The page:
Photo Credits: JEREMY DANG / AGGIE
Center for Land-Based Learning, other organizations receive grants
Nine Yolo County programs received grants to help with youth education. Through the Buck Education Grant program, which is part of the Yolo Community Foundation, the dispersed amount totaled $73,000.
Meg Stallard, the president of the board of the Yolo Community Foundation, noted how the organization prides itself in being able to help others, such as youth, with their grants.
“The Yolo Community Foundation is delighted to be able to continue to make these grants to support our youth and the organizations that work with them,” Stallard said to The Davis Enterprise. “We look forward to seeing impacts from these innovative programs throughout the county.”
Babs Sandeen, the executive director of the Yolo Community Foundation, mentioned that the Buck Education Grant program allowed a large investment in a broad range of education programs.
“The Frank H. and Eva Buck Foundation provided the Yolo Community Foundation with over a quarter million dollars in 2016 and 2017 and gave it for the Yolo Community Foundation to share with the Yolo Community on education programs,” Sandeen said via email. “The Yolo Community Foundation has focused these grants of up to $10,000 each on Science, Technology, Engineering, Art and Math (or STEAM) programs, as well as programs that support and enhance parent engagement and literacy.”
One of the organizations that received a grant was the Center for Land-Based Learning. Christine McMorrow, the director of development and communications at the center, elaborated on the organization.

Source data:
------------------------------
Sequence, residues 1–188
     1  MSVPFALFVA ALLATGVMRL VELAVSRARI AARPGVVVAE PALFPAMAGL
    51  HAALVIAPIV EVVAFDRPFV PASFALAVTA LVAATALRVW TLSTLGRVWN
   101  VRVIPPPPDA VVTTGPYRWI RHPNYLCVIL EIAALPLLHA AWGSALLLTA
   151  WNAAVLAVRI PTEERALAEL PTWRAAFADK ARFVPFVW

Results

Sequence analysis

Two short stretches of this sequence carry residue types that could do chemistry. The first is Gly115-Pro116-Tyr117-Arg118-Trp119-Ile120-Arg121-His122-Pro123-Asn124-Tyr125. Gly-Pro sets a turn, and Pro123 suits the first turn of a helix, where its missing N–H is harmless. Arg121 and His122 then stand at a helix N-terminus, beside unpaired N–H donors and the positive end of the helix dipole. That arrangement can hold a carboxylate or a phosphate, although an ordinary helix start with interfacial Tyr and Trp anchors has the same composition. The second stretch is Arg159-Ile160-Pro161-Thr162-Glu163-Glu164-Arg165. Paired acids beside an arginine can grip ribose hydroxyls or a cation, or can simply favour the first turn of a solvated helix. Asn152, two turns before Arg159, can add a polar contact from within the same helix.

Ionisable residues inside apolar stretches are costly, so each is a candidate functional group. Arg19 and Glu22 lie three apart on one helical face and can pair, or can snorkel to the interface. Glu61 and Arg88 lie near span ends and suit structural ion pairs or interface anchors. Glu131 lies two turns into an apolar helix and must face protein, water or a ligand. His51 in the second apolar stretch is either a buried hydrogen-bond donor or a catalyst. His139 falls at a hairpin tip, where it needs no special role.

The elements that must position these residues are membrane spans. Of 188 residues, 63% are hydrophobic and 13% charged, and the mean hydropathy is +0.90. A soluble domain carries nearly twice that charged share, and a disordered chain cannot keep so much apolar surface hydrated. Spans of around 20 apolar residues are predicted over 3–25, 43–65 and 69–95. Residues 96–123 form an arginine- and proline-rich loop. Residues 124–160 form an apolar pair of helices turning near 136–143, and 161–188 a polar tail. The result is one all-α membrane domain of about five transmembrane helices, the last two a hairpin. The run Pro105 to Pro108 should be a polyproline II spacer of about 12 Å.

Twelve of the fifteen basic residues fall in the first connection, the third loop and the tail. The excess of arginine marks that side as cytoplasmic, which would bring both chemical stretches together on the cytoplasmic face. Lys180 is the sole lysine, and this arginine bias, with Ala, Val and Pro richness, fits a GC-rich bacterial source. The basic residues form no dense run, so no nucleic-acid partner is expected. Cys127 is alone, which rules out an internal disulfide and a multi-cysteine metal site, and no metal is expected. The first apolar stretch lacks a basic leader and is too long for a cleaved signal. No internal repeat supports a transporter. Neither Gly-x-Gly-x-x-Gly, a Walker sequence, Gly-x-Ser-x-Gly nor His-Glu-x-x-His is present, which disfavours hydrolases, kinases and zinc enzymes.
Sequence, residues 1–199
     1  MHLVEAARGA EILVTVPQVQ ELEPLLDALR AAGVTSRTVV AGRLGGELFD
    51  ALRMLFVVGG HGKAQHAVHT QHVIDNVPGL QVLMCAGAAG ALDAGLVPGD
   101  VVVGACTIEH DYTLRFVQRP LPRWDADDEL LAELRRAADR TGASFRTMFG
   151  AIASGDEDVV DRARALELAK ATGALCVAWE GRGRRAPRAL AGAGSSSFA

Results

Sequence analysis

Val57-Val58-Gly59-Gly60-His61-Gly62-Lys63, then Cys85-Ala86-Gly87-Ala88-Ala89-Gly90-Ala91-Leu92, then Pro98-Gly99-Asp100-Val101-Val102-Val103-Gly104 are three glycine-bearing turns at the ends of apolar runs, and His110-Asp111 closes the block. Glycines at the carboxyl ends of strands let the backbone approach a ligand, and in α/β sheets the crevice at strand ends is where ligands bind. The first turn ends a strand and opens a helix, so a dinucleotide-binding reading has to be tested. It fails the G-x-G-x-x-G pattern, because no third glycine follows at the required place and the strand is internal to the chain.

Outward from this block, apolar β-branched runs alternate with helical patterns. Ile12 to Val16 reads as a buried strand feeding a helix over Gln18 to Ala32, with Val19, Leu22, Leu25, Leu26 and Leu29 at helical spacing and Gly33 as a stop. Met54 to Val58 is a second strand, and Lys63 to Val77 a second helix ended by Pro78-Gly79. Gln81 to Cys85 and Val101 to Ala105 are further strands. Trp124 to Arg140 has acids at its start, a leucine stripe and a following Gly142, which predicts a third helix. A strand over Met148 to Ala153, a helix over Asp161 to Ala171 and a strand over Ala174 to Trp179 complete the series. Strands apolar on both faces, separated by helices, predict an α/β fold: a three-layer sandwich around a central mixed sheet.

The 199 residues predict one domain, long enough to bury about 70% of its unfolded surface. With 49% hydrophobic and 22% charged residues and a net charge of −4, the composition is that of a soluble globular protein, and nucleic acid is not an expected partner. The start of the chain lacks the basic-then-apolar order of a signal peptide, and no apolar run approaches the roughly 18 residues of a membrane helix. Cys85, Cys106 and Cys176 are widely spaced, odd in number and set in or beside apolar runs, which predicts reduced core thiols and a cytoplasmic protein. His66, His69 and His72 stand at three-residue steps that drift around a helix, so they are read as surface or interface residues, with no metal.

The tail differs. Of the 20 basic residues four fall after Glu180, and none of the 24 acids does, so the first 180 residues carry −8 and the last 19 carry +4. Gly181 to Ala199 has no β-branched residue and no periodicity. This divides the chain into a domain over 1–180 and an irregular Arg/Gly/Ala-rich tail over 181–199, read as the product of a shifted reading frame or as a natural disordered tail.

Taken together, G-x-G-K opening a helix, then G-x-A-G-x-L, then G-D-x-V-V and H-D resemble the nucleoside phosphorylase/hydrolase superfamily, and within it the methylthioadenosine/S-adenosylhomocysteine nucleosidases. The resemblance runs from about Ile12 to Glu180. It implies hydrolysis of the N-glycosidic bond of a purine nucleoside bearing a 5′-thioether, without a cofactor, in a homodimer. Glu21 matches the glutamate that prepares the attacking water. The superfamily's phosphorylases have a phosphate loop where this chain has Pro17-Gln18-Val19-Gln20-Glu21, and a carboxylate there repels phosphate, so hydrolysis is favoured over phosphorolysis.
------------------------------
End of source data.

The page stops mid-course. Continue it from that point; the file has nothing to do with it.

“The Center for Land-Based Learning started 25 years ago,” McMorrow said. “Our founder, Craig McNamara, started the farm leadership program out of the concern for what he saw — that high school students did not have enough opportunities to connect to the land and more specifically farmers. He decided to start a program where students from cities can get onto working farms and ranches to learn more about agriculture.”
The grant provides assets for The Student Landowner Education and Watershed Stewardship program, where students will be able to work on agricultural land and gain experience.
“That grant will be used for a specific project that we call SLEWS,” McMorrow said. “It’s a class of high school students and their teacher, where they visit a project site usually on private property and working agricultural land. Specifically, they are planting native plants to increase the habitat of bird populations and biodiversity populations. Students will also build and install bird nesting boxes.”
McMorrow also indicated that the students’ activities will help them gain more knowledge and practicality.
“Students come out three to four times onto these projects, and they learn about the native plants, how to plant them and they install irrigation if needed — they will also install bird boxes,” McMorrow said. “They’re gaining a lot of practical skills.”
Furthermore, the students will have access to mentors to help them with their own ambitions.
“Each classroom has a group of mentors — many of them are community members or ex-teachers or grad students — and they work with the students,” McMorrow said. “They answer questions about careers and they build support.”
Sandeen noted that the Yolo Community Foundation hopes to provide more grants to organizations like the Center for Land-Based Learning to empower youth.
“The Yolo Community Foundation has previously given out mini-grants to teachers in Yolo County and, with the funding provided by the Frank H and Eva Buck Foundation, there was an opportunity to provide larger grants that could really make a difference in the community,” Sandeen said. “We are excited by the first two rounds and look forward to giving out our final two rounds of funding in the coming year. The process is incredibly competitive, and it is heartening to see the kind of projects being contemplated in the county for Yolo County youth.”
Written by: Stella Tran — email@example.com